Governor Gary Locke’s Remarks
Woodinville-North Shore Chambers of Commerce
August 8, 2000

Thank you Lucy Linn McKie, and thanks to the Woodinville and North Shore chambers of commerce for giving me the opportunity to visit with you.

Today, as we drove into this area, I was struck again with a sense of excitement. I was struck, as I often am these days, with a sense of possibility and future. What a time to be in the state of Washington - a time of change and prosperity not seen since the Gold Rush!

And you're right smack in the middle of it! Smack in the middle of a brand new economy, in an brand new century. And with visionary long-term planning, vibrant areas such as this one will remain strong.

We're all in the midst of tumultuous change right now. Change in our work, our ideas, our lives. We owe much of that freshness to the spirit of entrepreneurs. The economic growth you've experienced in Woodinville and North Shore is an exciting and wonderful example of that spirit.

You have large businesses, but you also have a vibrant small business community. These small, innovative businesses contribute character, vitality and energy to your community and our state. But this area, brimming with talent and prosperity, also has problems. You're having a hard time recruiting employees, especially those in entry level and mid-wage jobs.

These workers can't live near their workplaces because housing has become so expensive. But moving further out means a tough commute because traffic has rapidly become so bad.

Affordable housing is the key. Affordable housing close to work, combined with reliable transit service, will help ease traffic congestion and increase transportation mobility in the area.

Speaking of which, let's talk about transportation for a minute. With the current problem on the 520 bridge, we're reminded once again of how stretched and vulnerable we are to disruption.

This state in the last decade has suffered far too many "fits and starts" in transportation priorities and funding. If one thing is very clear to me, it is that we absolutely must and will have a long-term and lasting consensus on how to meet our state's transportation needs.

We cannot allow our bright economic future to be hamstrung by gridlock. We simply cannot allow short-term politics and partisan bickering to get in the way of our economic growth, environment and quality of life. We and our children and grandchildren have too much at stake.

As you know, we've brought together some of the brightest minds in the state on the Blue Ribbon Commission on Transportation. Over the past two years, members have been assessing our transportation system. They're developing options that will lead to new accountability and responsibility in spending, more unified governance, better system efficiencies and local money going to local projects.

The Commission's recommendations are due in December of this year, and I intend to act quickly on them. I agree with what the Blue Ribbon Commission itself has already said. That is: "for the good of Washington, we must take action." We will take that action.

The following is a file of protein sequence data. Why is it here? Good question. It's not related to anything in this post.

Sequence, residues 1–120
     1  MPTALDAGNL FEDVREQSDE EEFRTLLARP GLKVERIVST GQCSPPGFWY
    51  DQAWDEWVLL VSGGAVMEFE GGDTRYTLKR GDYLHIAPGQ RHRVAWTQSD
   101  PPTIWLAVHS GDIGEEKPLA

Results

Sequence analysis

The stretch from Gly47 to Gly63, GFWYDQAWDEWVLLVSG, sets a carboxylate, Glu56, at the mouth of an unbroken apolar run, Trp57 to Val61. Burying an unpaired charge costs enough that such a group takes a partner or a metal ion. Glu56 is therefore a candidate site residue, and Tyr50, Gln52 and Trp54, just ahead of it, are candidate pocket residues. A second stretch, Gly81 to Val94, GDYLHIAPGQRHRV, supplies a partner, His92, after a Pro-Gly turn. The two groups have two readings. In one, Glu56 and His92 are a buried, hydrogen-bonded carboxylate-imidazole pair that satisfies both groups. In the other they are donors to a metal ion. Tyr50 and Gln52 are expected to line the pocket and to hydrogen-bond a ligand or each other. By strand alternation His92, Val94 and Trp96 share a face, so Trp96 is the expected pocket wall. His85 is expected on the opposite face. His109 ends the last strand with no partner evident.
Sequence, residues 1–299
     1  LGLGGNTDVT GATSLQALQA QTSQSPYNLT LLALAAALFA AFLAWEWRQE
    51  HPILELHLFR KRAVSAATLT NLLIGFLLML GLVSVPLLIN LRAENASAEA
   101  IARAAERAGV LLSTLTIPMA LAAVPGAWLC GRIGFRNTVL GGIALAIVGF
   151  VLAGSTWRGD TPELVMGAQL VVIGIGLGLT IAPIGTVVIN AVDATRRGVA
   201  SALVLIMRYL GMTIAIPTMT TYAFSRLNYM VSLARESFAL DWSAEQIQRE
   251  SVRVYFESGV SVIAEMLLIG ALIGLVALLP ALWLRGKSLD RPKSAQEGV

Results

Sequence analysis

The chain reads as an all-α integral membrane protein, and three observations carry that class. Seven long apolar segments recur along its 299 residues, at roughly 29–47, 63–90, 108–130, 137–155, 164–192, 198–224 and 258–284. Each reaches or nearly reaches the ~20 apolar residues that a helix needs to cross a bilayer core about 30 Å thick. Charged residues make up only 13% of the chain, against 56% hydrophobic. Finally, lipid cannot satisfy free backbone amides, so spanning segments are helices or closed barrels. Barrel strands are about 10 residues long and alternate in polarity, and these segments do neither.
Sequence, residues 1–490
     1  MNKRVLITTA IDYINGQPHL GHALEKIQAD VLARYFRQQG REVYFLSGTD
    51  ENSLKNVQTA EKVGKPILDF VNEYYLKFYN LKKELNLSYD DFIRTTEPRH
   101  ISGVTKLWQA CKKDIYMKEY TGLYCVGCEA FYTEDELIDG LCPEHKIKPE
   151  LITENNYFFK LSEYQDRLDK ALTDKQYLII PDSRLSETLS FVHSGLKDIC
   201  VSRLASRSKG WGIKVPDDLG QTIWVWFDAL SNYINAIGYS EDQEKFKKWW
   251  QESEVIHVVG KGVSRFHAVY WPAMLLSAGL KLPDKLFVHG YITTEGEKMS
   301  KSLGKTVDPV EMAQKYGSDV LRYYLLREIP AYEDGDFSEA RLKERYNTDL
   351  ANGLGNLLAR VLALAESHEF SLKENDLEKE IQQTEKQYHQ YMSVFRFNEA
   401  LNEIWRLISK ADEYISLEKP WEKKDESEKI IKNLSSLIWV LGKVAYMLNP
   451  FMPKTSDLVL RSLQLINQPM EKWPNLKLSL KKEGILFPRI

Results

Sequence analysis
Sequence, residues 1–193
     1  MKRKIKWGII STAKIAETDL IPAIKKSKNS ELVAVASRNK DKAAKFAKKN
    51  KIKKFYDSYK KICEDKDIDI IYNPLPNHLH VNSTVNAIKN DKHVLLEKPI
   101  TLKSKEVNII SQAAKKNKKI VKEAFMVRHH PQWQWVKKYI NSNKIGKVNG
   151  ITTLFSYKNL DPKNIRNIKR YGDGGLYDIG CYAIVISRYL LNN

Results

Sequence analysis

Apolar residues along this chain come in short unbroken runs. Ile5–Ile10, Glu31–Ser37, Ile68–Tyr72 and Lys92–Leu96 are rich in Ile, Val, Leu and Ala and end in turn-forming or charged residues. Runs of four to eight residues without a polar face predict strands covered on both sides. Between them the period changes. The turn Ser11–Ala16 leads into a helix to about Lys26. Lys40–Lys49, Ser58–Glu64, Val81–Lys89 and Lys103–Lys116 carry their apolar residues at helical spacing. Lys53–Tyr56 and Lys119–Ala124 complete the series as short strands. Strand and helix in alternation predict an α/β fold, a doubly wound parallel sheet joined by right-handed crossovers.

There are a couple of key principles that should guide our transportation decision-making:

And, incidentally, these principles are central to the Blue Ribbon Commission's focus.

We must identify and implement long term solutions efficiently. And we must provide streamlined, understandable systems of operation, making the state accountable for where and how our dollars are spent.

I believe the Blue Ribbon Commission on Transportation is our best hope in years, maybe decades, to secure the long-term solutions we seek. As we move to the final stage, from options to recommendations, public input is crucial. I urge every one of you to read the Blue Ribbon Commission's list of options and give them your feedback.

The solution package must include reforming the transportation system, finding efficiencies and eliminating waste.

I support establishing performance measures for transportation. The idea is to squeeze additional capacity out of the existing system through efficiencies, reform and smart technologies (such as Intelligent Transportation Systems). The idea is to address transportation funding inequity and regional empowerment and to tie new revenues to new projects.

Solutions for Puget Sound's major corridors must be comprehensive including both transit and road elements.

I am a very strong proponent of the state's multi-modal transportation system: highways, transit, ferries, freight mobility and passenger rail. The need for which is well demonstrated this very day in a drive across Lake Washington.

In transportation, there are no quick fixes or one-mode-fits-all solutions. We meet our transportation needs best by providing an integrated, multi-modal system that is greater than the sum of its parts.

Here's a case in point. We often overlook the fact that transit is an effective means of reducing highway traffic congestion. But, according to the Washington Transportation Alliance, if all Puget Sound area transit riders got back in their own cars, the resulting bumper-to-bumper traffic jam would stretch from Seattle to Montana (that's over 325 miles). And that's for every morning and evening commute!

Success in transportation will only occur in Olympia in 2001 if there is a bi-partisan approach to the issue.